Here is a story I wrote a few years ago. I had to bike home for a small emergency in the middle of the afternoon one day, and while it was a wonderful autumn afternoon, perfect for biking, and driving a car wouldn’t have saved me any time due to parking issues, I was still wishing for a faster means of transportation. I started thinking about it and realized that just about anything has its own set of problems and drawbacks. I decided to write a story about a form of transportation that most of us dream about – teleportation – and while I was debating whether it would be fantasy – magic – or science fiction, I realized that it didn’t matter. I was still using something currently impossible and inexplicable. Then I thought about a quote from Arthur C. Clarke : “Any sufficiently advanced technology is indistinguishable from magic.” I took it from there.
“Emma! Don’t you dare let go of my hand again! You’ll end up in Tibet or something!”
“My bags! Where are they?!”
“Move it along, folks, nothing to see here…. Hey Harry, hurry up with that mop and bucket! And yes, I said to bring the hazardous wastes kit!”
And above it all was the electronic sound of the announcement system broadcasting on an endless loop: “Please keep all extremities within the transportation circle at all times. Please make sure you are touching all baggage and small children traveling with you when transportation begins. Please make sure that you key the correct destination code for the operators. We are not responsible for lost bags, children, or mis-keyed destination codes. We are not responsible for the results of left-behind items or extremities…”
Jessie sighed, brushed her hair out of her eyes and shifted from one foot to the other as she waited in line for the next available transport circle. She was only going across town to her apartment, and the hop itself would take seconds, but she was starting to think she could walk there by the time she could get to the front of the line. At least she wasn’t loaded down with baggage like the long-distance travelers.
She watched as a man and a woman squeezed themselves, ten bags and three small children onto the platform holding the transport circle. Despite their best efforts, some of the bags were still hanging over the edge.
“Sorry folks, either do this in two loads or yer gonna end up slicing them nice suitcases in half and then where will ya be? Or one a them kids! Better to pay the extra than that happenin’!” the platform operator said jovially.
The parents muttered and grumbled and then arranged themselves into two separate groups. Jessie sighed again. Just another delay…these transport circles were never on time. The city really needed to build more of them.
The line shuffled forward. Jessie reminded herself of the old stories about busses, subways, trains and airplanes. This really was better than that. It had to be.
“Coming through…Emergency team, coming through!” Several Emergency Medical Technicians came barreling through with their gear. Jessica winced and hoped it was just a finger that had been caught outside the circle during transport, not something larger. She wished that this transport center had the plastic shields that descended around the rings during transport like the newer, nicer centers did. There were far fewer accidents that way.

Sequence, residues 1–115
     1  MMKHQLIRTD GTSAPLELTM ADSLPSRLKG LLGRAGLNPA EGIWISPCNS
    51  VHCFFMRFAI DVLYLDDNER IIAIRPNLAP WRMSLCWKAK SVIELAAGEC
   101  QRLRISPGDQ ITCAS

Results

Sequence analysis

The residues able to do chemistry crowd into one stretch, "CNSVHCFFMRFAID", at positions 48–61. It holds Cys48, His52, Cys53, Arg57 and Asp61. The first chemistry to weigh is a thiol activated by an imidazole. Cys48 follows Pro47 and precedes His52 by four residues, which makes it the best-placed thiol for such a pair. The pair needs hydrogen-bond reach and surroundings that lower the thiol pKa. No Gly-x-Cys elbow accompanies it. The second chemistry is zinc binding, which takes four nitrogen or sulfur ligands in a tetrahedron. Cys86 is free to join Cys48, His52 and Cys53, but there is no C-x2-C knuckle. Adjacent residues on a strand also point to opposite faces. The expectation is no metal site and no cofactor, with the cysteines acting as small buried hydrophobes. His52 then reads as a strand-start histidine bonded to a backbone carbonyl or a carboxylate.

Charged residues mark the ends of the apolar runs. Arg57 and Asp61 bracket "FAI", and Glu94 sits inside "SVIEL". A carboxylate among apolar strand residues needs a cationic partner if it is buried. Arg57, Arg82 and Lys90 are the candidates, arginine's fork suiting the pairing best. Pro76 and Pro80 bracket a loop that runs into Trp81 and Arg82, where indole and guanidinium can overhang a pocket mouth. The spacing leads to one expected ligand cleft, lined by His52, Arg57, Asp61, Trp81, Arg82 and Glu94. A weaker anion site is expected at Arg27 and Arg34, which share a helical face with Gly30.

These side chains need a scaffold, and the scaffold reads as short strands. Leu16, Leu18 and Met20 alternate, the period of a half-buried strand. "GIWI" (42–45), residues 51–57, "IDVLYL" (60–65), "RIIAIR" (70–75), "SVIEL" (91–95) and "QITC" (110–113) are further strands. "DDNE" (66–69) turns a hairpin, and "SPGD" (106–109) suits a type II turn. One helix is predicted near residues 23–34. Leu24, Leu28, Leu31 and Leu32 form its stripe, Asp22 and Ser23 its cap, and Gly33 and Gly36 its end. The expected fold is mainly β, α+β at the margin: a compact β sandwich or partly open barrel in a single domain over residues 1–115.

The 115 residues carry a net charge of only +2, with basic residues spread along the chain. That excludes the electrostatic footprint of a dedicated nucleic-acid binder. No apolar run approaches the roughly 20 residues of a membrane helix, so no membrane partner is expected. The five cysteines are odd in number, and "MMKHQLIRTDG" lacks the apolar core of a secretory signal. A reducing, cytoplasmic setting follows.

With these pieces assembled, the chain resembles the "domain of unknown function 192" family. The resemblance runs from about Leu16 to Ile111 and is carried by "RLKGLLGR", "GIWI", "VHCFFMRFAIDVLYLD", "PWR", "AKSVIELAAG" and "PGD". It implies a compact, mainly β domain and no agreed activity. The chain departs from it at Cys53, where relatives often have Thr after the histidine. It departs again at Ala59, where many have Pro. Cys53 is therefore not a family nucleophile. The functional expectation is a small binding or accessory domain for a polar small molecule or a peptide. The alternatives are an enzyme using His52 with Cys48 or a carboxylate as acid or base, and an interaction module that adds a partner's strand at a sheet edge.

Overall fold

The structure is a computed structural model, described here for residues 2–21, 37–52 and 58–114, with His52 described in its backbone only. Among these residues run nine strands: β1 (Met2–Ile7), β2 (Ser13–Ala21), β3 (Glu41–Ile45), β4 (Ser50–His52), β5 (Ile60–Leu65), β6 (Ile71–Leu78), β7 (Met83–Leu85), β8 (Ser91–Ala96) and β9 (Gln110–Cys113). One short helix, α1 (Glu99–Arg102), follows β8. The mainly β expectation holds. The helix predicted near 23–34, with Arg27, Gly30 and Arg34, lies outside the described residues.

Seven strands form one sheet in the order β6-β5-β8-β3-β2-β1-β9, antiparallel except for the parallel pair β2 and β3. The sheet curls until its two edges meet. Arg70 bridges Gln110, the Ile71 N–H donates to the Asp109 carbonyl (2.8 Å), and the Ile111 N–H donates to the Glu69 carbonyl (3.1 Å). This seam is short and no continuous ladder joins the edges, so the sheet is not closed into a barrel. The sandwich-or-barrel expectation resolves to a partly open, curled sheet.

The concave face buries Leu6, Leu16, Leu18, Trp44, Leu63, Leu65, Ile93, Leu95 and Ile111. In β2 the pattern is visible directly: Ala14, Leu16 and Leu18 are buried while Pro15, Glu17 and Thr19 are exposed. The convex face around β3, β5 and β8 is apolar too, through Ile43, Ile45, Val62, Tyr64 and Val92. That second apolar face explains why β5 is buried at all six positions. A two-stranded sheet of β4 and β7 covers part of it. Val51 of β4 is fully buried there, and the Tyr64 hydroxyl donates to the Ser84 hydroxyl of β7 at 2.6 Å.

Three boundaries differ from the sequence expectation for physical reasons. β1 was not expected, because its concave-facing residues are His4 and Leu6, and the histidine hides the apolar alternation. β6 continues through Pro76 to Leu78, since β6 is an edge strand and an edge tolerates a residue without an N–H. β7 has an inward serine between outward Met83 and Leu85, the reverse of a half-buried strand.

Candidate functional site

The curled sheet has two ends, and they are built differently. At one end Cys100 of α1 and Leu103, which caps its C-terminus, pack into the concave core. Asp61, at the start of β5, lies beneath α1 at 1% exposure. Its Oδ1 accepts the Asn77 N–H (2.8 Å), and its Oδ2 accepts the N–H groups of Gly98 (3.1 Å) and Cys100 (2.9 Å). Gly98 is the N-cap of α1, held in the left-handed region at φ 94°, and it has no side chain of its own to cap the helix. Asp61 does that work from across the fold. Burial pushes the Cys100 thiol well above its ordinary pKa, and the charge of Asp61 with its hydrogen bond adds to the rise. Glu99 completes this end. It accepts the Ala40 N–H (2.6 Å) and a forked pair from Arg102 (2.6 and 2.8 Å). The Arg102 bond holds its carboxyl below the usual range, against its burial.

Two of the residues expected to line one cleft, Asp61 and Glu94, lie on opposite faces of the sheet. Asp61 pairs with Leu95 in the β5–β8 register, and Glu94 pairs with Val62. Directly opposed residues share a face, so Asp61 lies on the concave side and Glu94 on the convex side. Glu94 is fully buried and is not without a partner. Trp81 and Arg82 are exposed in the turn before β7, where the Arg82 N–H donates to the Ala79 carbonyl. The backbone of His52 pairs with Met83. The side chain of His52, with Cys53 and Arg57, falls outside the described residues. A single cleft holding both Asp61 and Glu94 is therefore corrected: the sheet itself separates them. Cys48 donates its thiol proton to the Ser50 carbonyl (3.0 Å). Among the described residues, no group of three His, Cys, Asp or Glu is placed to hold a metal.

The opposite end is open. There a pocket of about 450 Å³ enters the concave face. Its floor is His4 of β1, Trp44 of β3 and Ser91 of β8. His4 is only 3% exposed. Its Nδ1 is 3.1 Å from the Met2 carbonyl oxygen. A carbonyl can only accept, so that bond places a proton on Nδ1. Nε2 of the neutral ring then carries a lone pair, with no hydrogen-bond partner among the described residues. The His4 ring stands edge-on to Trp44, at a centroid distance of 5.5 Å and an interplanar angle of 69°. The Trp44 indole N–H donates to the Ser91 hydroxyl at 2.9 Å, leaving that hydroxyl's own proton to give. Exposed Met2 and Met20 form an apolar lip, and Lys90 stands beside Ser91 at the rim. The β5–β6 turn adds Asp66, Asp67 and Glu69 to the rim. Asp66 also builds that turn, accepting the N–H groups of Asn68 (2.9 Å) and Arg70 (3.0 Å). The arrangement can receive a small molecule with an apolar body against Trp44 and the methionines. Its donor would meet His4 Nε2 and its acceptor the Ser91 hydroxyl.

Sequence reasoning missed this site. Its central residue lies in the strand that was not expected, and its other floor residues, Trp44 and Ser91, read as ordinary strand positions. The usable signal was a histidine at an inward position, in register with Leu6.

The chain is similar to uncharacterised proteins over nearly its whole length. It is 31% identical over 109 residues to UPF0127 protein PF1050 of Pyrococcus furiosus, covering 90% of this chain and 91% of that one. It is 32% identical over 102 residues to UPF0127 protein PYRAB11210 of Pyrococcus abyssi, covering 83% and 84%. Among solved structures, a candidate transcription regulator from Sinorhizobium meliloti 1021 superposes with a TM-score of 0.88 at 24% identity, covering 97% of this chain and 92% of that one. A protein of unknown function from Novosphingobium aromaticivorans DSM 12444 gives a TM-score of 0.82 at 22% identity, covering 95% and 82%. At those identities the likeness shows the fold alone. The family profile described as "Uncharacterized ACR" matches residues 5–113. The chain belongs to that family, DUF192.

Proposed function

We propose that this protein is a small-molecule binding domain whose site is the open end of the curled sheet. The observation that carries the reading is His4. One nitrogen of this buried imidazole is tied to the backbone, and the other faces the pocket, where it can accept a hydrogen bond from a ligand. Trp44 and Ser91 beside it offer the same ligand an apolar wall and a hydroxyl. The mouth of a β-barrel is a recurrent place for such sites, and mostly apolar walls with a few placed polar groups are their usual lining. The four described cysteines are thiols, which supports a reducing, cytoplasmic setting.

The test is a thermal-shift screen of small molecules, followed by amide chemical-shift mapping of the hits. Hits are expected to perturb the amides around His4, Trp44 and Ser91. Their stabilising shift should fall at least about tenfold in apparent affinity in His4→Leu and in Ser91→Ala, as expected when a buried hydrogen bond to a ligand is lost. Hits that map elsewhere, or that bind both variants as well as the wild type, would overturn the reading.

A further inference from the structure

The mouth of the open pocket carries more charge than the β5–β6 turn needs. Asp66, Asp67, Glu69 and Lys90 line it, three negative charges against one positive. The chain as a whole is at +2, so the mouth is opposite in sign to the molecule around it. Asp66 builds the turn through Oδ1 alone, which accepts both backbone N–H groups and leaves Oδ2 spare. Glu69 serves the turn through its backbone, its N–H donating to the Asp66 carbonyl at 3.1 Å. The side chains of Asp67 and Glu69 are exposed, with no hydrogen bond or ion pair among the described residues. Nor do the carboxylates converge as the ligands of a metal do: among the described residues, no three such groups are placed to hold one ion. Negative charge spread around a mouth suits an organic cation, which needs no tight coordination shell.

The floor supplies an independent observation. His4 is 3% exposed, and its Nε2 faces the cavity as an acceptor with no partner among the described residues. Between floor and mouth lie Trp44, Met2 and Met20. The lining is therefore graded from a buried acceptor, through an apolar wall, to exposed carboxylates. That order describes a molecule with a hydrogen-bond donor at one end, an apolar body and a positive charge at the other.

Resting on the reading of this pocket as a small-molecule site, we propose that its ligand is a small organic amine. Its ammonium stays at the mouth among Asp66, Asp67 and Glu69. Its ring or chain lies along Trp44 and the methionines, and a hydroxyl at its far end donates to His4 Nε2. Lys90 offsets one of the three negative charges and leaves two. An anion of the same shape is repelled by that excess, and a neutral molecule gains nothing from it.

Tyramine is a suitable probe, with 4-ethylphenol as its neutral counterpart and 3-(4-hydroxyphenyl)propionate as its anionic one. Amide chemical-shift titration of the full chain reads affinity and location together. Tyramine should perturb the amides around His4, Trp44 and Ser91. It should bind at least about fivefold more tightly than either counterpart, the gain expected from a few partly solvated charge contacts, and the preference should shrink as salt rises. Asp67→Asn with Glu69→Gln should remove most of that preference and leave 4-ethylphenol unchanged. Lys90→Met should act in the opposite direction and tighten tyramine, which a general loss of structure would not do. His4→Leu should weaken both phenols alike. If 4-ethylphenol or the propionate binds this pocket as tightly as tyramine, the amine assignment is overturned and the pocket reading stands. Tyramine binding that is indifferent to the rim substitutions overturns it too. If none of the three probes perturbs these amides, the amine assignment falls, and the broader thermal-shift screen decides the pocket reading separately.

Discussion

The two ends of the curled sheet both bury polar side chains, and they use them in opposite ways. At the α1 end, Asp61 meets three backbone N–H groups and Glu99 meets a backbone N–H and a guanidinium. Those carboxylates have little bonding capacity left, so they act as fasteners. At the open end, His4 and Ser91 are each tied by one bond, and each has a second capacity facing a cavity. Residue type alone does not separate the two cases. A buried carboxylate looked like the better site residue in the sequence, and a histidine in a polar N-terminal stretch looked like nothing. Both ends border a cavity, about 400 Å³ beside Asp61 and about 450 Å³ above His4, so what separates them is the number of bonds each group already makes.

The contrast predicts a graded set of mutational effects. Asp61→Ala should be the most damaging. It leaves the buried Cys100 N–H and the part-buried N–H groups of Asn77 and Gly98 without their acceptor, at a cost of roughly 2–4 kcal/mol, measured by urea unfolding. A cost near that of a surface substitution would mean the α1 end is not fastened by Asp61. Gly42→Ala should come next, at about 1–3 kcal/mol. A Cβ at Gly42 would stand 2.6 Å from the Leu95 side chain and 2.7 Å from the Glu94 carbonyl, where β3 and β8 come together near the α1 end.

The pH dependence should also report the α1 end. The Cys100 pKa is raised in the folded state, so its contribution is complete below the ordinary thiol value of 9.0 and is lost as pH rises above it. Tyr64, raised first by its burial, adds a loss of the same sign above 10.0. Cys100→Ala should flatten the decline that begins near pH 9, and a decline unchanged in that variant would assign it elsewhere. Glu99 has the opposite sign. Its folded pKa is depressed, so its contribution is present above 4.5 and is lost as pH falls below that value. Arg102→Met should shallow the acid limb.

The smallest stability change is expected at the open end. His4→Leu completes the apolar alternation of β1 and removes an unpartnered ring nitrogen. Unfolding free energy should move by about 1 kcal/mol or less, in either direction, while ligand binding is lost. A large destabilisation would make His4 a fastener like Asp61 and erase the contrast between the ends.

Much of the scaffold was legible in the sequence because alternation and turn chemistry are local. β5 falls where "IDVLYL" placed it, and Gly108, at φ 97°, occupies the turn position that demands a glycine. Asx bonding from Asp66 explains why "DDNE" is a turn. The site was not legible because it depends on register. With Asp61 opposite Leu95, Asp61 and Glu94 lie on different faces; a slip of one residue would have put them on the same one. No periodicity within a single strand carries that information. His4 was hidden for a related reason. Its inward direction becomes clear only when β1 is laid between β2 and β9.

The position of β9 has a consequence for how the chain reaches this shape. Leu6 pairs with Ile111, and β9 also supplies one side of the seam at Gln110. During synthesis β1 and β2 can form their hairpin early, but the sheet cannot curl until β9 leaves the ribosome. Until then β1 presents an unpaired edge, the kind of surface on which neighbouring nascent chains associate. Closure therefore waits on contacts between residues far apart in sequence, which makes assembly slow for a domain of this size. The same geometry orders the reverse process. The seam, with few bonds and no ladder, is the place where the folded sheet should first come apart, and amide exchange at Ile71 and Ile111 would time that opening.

Two more people came by, following a transport official. They looked very distressed and were chattering away at the man in a language that Jessie had never heard before. They must have keyed in the wrong code…or the system was screwed up again. The powers-that-be claimed that all the mis-keys were the error of the person keying the codes in, but Jessie wasn’t so sure about that.
Jessie was near the front of the line now. She watched as a woman with a small child stepped onto the nearest circle. The woman was holding the little girl’s hand gently in hers, and with her other hand she gripped a bag. She nodded, then shimmered slightly and disappeared. The little girl was left holding onto air and had time for one loud shriek before she too shimmered and disappeared.
The platform operator shouted to someone, “Hey, check an’ see if the kid ended up with mom, would ya? If she didn’t, then start a Lost Kid Search! When will these parents learn ya gotta hold onta them kids tight or they’ll slip away at the last second! Next!” He shoved the key pad at the next person in line.
Jessie thought that if she ever had a child with her for transport, she’d tie the kid to her before she even got near the platform. Lost children were way too common. So were lost bags, but the bags didn’t get scared and cry. In fact, she could hear a kid crying right now – probably got transported somewhere different from the parents. Jessie still didn’t understand how that happened; something to do with the transport centering on one person, they said, and anyone else not touching them in the same transport sometimes got a corrupted version of the code. Something like that, anyway. Jessie thought they could fix it if they really tried.
An official led a howling little girl, the same one who had been on the platform earlier, up to the operator. “Here’s the kid. Ended up right over there. See if you can call up the mom’s code and I’ll deliver her.”
The platform operator grumbled, but a few minutes later the official, with the tear-streaked child in his arms for safe-keeping, shimmered away.
Finally it was Jessie’s turn. She was really, really tired and so ready to get home. She swiped her commuter card, dragged herself to the keypad and typed in her code. Then she stepped on the platform and nodded to the operator. As she felt the transport begin, she got a mental flash of the keypad in front of her and her fingers keying in the digits…She had a sinking feeling she was about to go home the long way – via Outer Mongolia.
-Jane Wolfinbarger © 2008